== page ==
James and the Giant Peach by Roald Dahl
James and the Giant Peach was Roald Dahl's first classic novel for children. Although The Gremlins is sometimes referred to as an earlier example of his writing for children, James was Roald's first conscious attempt to write for a younger audience after several years of writing primarily adult short stories. Roald started writing it in 1959 after encouragement from his agent, Sheila St Lawrence.
In the orchard at Roald's home in the Buckinghamshire countryside, there was a cherry tree. Seeing this tree made him wonder: what if, one day, one of those cherries just kept on and on growing bigger and bigger? From giant cherries Roald also considered ever-increasing pears and even apples, but eventually settled on a giant peach as the method for James's magical journey. The book is dedicated to his two eldest daughters, Olivia and Tessa. It was first published in 1961 to glowing reviews and marked the beginning of his prolific career as a children's author.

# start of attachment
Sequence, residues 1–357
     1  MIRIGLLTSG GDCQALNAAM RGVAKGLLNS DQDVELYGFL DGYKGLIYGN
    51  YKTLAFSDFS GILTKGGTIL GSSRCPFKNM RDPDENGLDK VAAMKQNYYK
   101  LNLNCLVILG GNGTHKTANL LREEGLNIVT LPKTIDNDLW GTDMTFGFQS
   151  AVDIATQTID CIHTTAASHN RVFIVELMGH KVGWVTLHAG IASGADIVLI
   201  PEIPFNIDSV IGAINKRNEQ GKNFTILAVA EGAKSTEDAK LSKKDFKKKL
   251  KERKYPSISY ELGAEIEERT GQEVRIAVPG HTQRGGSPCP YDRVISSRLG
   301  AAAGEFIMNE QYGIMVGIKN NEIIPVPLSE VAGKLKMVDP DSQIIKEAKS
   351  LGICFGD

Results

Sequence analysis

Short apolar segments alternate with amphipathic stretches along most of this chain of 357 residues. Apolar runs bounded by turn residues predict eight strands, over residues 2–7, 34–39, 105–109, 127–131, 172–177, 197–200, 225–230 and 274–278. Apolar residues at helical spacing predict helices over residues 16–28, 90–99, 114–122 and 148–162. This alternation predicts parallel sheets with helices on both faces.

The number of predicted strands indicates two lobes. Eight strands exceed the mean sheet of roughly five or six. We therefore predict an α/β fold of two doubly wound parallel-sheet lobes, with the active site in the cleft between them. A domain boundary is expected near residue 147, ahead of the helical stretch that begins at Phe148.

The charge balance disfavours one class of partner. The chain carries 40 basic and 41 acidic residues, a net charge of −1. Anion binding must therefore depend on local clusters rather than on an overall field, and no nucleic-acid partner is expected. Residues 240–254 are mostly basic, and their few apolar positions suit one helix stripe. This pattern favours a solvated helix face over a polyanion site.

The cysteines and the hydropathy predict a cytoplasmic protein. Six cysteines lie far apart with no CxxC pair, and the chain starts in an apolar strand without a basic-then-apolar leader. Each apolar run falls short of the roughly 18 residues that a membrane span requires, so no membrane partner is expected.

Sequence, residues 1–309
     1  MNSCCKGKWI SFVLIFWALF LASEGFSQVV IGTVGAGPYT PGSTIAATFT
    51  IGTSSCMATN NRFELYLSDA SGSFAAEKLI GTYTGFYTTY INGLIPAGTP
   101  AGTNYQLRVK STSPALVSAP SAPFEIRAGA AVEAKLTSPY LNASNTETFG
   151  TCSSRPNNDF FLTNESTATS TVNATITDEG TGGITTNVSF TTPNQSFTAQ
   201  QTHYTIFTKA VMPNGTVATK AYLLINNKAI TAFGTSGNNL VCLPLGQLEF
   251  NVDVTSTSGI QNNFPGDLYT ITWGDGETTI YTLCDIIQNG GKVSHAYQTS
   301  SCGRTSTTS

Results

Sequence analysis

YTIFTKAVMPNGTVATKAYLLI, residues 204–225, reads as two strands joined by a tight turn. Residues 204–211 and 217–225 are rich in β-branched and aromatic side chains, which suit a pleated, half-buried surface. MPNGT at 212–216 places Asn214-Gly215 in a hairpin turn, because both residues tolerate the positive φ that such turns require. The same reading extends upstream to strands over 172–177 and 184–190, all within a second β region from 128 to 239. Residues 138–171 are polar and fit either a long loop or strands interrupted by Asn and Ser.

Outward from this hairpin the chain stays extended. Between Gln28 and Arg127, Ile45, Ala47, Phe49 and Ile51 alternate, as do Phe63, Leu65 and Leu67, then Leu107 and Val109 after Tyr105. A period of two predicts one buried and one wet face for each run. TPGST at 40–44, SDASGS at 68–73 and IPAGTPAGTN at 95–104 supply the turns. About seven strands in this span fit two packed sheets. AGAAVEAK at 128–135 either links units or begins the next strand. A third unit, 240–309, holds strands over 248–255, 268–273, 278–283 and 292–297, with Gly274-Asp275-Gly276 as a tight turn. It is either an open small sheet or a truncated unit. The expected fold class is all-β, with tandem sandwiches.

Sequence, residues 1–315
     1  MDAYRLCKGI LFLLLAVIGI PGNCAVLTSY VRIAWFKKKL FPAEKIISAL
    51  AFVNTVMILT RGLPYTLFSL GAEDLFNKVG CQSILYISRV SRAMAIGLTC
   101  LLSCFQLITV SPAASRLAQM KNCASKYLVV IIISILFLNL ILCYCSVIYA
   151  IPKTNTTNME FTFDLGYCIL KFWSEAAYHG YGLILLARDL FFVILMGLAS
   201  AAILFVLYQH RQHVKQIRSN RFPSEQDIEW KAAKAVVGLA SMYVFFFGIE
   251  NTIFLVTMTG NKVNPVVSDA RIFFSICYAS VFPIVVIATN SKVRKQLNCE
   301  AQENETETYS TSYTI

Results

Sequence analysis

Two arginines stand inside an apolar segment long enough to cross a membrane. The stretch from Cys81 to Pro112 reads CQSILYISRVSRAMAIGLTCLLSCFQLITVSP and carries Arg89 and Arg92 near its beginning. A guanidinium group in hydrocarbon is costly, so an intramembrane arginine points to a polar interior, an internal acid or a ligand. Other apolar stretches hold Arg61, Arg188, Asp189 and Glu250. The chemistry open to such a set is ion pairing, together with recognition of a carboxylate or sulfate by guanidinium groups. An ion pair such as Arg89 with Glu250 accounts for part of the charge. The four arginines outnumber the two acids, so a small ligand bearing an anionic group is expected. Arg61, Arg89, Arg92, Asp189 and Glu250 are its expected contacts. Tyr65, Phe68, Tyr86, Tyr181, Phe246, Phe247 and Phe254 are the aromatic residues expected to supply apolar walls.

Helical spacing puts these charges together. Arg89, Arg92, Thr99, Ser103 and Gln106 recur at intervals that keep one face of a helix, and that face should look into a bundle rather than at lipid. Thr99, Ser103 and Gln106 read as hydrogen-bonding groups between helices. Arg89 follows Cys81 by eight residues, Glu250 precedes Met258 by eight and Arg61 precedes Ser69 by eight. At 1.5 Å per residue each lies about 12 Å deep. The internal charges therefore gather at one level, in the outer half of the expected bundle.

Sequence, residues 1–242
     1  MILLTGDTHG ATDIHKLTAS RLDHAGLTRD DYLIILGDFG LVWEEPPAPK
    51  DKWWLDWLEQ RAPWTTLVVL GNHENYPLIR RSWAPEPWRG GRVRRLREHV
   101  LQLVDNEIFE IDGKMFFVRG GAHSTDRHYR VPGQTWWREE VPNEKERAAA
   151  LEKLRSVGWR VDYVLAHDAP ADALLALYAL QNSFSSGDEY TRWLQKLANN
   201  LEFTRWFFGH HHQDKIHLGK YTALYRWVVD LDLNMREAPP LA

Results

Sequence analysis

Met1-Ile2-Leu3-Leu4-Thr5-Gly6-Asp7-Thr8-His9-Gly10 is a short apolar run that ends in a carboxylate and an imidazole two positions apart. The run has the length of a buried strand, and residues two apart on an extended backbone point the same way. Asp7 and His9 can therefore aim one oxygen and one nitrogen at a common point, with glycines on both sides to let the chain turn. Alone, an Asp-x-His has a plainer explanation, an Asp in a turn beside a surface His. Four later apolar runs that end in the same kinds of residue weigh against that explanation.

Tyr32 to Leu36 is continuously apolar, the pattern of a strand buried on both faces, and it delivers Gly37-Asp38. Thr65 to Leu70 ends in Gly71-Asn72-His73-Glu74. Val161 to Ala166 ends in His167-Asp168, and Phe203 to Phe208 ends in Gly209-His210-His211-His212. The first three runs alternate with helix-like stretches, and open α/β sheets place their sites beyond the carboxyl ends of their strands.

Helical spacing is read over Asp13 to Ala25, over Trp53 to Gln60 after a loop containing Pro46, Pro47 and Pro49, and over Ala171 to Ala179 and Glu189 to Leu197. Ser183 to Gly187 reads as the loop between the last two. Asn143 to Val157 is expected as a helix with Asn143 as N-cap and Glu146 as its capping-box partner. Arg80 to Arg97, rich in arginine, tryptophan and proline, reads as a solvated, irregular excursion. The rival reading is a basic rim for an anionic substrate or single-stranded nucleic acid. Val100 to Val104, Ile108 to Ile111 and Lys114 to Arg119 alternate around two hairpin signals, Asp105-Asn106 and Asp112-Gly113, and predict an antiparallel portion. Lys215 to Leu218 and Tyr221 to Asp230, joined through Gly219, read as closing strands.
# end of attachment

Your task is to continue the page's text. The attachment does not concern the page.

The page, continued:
James and the Giant Peach is still a favourite more than 50 years later. In 1996, an animated film version featuring the voices of Simon Callow, Richard Dreyfuss, Joanna Lumley, Miriam Margolyes, Pete Postlethwaite and Susan Sarandon was released, while David Wood's theatrical adaptation remains popular, playing across the UK.